This means that for those who want the advantages of welded seams, but want reduced reflectivity, then membranes such as tan or gray can be used while still giving some improvement in energy efficiency.
Colored TPO and Energy Codes
There are national and local programs or policies related to cool roofing, each with their own unique criteria and definitions of cool roofing.
- The Energy Star Roof Products Program was introduced by the Environmental Protection Agency (EPA) in 1999. It jump started the move towards more reflective roofs but has gradually been superseded by other initiatives. Existing certifications of ENERGY STAR roof products will remain valid until June 1, 2021. Certification Bodies will stop certifying new product submittals as of June 1, 2020,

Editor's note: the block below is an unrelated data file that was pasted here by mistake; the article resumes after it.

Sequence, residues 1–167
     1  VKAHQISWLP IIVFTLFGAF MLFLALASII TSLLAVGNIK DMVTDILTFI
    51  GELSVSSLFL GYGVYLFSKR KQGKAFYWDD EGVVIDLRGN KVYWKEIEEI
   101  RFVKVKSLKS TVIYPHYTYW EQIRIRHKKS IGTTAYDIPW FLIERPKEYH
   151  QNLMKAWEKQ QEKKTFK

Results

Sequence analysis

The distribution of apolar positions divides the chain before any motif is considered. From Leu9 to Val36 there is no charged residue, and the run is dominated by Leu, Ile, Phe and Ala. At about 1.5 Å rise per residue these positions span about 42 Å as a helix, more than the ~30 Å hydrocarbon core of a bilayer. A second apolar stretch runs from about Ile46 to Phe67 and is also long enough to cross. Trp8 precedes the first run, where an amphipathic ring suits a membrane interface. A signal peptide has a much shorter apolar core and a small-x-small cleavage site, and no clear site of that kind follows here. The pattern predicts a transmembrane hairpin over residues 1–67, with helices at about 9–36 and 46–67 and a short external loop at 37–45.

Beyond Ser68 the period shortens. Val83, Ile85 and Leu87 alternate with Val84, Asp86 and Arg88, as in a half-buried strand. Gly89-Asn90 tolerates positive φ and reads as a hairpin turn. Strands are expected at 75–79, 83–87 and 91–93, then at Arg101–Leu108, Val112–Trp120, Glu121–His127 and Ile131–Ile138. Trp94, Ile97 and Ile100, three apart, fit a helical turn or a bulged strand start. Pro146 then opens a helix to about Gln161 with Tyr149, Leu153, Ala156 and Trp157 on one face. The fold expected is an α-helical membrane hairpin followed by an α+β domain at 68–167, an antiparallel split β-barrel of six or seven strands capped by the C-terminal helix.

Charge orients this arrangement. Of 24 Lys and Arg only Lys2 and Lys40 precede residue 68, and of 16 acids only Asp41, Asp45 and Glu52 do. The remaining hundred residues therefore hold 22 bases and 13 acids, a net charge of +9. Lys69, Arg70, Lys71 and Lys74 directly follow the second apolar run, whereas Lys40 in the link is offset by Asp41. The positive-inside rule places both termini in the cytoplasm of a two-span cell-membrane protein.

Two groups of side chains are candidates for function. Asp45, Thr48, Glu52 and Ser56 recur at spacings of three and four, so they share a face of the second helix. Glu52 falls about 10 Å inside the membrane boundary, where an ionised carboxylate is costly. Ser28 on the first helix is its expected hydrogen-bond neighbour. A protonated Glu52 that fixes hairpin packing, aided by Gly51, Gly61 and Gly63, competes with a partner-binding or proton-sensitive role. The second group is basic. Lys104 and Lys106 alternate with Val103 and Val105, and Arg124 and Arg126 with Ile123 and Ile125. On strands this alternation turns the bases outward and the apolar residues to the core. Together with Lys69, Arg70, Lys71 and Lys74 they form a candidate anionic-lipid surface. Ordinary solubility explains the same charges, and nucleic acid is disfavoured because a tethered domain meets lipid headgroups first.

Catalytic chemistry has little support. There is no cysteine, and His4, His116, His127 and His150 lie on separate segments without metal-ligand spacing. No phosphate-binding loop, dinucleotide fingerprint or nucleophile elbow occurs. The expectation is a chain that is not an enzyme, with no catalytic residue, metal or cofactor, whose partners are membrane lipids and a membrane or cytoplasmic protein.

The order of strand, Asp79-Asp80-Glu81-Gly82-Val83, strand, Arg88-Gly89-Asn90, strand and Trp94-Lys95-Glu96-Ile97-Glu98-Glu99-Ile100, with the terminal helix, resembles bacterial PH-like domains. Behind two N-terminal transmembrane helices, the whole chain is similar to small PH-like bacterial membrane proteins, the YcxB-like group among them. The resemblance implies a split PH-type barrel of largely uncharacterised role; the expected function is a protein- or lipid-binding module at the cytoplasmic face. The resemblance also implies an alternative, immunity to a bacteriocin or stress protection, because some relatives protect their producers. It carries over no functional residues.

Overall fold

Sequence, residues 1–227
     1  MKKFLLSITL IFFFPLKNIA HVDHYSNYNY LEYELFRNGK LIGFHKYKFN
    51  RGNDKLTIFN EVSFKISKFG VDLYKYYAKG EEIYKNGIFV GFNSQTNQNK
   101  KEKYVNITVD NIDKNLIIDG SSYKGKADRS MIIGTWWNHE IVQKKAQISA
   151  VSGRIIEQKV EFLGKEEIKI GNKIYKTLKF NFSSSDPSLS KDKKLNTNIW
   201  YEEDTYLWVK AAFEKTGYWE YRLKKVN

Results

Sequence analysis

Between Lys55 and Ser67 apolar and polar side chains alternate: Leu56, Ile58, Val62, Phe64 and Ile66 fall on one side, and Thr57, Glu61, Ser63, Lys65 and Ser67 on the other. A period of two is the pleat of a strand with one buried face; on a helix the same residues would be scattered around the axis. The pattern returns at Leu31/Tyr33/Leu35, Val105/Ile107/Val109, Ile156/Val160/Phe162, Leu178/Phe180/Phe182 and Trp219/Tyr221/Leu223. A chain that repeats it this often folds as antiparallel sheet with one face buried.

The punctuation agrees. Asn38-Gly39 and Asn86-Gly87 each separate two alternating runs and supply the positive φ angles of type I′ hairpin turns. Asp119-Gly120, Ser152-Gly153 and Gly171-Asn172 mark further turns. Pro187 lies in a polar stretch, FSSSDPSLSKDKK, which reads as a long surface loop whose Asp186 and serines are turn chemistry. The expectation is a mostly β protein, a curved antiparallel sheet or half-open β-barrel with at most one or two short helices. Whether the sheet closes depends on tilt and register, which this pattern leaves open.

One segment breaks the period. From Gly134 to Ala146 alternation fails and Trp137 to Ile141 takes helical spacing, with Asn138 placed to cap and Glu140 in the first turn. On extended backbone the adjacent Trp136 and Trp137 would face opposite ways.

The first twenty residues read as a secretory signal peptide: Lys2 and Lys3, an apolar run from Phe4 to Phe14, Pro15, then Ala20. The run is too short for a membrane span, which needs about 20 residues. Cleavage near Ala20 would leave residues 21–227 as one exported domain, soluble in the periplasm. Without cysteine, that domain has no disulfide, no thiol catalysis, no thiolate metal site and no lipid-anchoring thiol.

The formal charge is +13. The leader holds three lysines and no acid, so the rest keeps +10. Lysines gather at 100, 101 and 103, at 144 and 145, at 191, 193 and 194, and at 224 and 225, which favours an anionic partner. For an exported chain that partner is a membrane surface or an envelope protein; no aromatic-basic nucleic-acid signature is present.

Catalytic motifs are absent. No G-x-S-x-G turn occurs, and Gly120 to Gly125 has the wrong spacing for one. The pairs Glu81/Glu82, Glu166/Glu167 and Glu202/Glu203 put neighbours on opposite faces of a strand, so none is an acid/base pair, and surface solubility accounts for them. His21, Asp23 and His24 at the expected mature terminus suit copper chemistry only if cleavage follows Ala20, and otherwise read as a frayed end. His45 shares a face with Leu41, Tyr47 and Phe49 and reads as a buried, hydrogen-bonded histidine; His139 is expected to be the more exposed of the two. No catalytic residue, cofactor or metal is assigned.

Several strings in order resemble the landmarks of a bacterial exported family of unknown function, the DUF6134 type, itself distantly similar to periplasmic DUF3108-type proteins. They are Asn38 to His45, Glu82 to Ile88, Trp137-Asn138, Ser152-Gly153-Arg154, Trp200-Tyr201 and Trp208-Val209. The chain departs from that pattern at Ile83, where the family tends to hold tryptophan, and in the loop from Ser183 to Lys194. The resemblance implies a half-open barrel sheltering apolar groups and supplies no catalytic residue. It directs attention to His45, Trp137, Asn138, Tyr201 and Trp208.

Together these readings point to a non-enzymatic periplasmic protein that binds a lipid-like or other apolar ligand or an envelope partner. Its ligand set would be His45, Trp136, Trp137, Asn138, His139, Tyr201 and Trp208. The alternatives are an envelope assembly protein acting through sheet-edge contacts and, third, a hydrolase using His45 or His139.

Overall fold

- Established in 1998 as a non-profit organization, the Cool Roof Rating Council (CRRC) is recognized by the California Energy Commission (CEC) as the sole entity responsible for labeling roofing products which are allowed in the California Energy Code Title 24. To be Title 24 compliance, the roofing material has to meet prescriptive requirements of 0.70 solar reflectance (SR), 0.75 emissivity, and be a CRRC-listed product.